Charley’s second paragraph highlights something that, although not forgotten, bears restating, namely the extraordinary and exceptional technical forensic work of the NASA teams, the CAIB and others. The recovery of the OEX was phenomenal good fortune and allowed the fixing of time and place inside the left wing. The analysis of debris, like the spray of aluminum (and then its implications for the loss of communications), must make this one of the most exquisite reconstructions of a complex technological disaster ever. All of you that recovered parts, conducted analysis (like Scott Hubbard’s foam team), and are now archiving pieces for future examination are heros in this story too.

  3. Yusef Johnson says:

    Walking through east Texas for debris was both sad and fun at the same time. I met folks from all over the Agency and had some fun times in Palestine. I found that while in a hick town, if a Black man sings country songs during karaoke, he may not have to pay for a drink for the rest of his time there. I was chased by a bull. I have an interesting story of how a very angry redneck man came out of his house with a shotgun yelling “Where’s the NASA man?” only to see it was me. Not what he was expecting…lol. I even lost a bet over one piece that I found, out in the middle of a grove of pines, I swore it was from Columbia. But, as a kid from New York City, I had no idea what a carburetor from a Briggs & Stratton lawn mower looked like. That was an expensive round of beer…..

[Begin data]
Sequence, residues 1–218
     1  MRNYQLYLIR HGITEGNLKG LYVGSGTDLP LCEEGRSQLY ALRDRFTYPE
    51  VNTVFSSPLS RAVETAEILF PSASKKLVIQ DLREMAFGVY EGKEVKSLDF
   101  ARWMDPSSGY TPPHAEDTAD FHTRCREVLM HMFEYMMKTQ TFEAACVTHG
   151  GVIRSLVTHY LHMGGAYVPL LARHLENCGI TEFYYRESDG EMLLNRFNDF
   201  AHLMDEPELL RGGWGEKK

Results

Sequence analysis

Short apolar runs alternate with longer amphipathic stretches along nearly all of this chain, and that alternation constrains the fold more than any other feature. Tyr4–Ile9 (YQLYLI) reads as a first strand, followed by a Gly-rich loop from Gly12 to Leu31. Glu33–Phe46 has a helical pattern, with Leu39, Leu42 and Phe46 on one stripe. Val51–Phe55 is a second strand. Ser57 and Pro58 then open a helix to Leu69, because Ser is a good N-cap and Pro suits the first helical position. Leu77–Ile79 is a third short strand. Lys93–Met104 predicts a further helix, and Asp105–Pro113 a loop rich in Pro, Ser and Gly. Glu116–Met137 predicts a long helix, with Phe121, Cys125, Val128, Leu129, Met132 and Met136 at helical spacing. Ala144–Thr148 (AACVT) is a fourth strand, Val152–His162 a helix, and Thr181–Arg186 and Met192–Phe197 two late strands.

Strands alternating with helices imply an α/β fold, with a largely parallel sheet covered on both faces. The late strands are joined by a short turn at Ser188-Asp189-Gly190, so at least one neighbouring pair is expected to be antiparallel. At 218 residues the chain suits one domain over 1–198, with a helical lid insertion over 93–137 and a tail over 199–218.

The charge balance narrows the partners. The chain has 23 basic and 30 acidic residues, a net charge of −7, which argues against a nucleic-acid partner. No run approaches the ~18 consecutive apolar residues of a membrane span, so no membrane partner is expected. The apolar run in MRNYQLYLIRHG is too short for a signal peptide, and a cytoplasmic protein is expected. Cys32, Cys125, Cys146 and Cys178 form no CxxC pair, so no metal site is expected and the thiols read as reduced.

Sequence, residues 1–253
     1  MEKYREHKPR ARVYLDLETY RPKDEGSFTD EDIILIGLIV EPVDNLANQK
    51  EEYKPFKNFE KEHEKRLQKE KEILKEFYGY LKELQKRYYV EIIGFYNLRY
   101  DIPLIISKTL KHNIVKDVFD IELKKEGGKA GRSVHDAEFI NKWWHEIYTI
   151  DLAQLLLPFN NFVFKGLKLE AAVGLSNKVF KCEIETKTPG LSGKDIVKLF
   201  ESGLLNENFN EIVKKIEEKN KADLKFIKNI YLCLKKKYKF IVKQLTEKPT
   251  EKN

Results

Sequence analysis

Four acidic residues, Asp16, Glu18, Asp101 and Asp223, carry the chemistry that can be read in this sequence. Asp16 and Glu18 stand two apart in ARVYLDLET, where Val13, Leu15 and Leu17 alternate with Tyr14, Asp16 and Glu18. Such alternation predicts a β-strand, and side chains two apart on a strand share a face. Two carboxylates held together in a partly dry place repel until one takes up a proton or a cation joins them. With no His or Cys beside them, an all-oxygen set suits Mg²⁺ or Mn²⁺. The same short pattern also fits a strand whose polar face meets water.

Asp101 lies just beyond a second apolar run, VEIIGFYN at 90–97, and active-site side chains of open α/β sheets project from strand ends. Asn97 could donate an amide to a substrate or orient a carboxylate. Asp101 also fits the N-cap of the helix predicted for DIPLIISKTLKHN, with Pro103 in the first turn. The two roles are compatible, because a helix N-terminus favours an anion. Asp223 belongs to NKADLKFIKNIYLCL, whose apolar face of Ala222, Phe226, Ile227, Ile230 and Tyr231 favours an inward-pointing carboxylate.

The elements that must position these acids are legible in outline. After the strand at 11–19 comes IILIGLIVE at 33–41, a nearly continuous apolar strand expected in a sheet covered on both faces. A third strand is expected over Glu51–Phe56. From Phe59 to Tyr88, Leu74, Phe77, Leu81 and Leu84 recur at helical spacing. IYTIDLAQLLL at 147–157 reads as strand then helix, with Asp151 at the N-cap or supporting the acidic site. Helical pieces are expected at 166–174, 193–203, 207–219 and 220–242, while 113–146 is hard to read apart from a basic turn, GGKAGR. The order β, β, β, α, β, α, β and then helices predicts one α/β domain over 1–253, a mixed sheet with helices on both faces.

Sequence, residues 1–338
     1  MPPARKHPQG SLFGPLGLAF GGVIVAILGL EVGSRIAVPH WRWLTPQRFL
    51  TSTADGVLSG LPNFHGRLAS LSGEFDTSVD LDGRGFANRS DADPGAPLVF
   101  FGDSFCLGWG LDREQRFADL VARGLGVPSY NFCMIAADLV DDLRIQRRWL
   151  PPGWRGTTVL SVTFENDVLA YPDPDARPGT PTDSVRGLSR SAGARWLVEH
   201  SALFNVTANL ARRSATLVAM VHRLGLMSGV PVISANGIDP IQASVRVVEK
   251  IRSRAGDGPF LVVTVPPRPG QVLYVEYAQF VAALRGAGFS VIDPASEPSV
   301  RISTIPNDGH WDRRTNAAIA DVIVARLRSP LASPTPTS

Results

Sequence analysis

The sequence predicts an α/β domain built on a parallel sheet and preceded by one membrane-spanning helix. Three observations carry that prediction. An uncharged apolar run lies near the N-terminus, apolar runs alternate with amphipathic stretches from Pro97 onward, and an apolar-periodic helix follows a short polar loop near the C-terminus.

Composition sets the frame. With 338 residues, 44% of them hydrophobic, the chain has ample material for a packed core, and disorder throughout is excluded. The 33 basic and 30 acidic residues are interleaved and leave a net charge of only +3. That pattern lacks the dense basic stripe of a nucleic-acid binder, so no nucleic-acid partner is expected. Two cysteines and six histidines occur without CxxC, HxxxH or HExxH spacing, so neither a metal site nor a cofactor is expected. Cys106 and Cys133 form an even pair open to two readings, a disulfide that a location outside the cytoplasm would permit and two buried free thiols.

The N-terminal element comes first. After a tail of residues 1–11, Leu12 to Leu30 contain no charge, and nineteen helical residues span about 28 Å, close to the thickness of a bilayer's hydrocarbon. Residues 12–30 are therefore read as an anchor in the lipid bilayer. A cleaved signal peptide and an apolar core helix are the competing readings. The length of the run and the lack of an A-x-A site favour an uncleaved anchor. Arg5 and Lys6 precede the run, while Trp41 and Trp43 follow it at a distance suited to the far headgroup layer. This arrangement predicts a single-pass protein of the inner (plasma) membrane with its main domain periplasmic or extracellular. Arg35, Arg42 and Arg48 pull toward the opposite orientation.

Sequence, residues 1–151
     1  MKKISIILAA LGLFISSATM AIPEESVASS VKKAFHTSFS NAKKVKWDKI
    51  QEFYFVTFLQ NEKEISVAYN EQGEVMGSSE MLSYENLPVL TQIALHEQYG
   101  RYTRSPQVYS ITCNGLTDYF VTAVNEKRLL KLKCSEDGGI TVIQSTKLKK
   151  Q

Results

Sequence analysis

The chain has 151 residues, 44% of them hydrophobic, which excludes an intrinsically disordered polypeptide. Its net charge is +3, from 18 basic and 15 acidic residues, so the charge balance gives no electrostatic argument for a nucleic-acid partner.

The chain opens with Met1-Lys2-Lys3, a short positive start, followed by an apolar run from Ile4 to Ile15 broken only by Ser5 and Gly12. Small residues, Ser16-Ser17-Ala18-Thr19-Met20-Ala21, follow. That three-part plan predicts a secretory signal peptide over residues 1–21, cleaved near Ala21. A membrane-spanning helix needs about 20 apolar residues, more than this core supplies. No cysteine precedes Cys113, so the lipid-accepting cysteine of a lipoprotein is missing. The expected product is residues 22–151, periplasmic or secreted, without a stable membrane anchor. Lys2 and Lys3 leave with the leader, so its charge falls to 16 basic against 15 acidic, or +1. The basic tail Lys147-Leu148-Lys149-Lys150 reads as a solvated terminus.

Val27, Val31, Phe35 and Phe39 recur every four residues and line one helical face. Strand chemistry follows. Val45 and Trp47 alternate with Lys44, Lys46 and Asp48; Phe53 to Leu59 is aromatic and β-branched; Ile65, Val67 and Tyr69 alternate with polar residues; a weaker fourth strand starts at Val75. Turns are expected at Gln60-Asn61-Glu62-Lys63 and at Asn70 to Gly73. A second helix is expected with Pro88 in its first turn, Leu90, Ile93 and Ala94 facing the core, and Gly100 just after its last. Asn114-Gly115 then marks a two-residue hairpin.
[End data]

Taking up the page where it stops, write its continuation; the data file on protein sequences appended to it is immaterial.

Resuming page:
It just would amaze me how we would walk for a couple of hours and find nothing, and then all of a sudden, bam, a whole field of debris. It was as amazing to find tiles that looked as if nothing happened at all. And one time, in the middle of a field of yellow wildflowers, we found pieces of the payload bay doors. The scene was surreal….

    I hope to never have to do that again….

  4. Ray Bigonesse says:

    I had similar experiences to that of Yusef, walking the fields, but there wasn’t much partying in the Corsicana base camp. It was a surreal month.

  5. spacebrat1 says:

    so not easy but thank you…

  6. Dave H. says:

    My thoughts and prayers are with those involved in the recovery efforts.

  7. Ann S. says:

    Thanks for sharing this story. It’s an important part of this history.

  8. Dave H. says:

    I found the following on a few moments ago and thought that it belonged here as well…

    AttyVette • 3 hours ago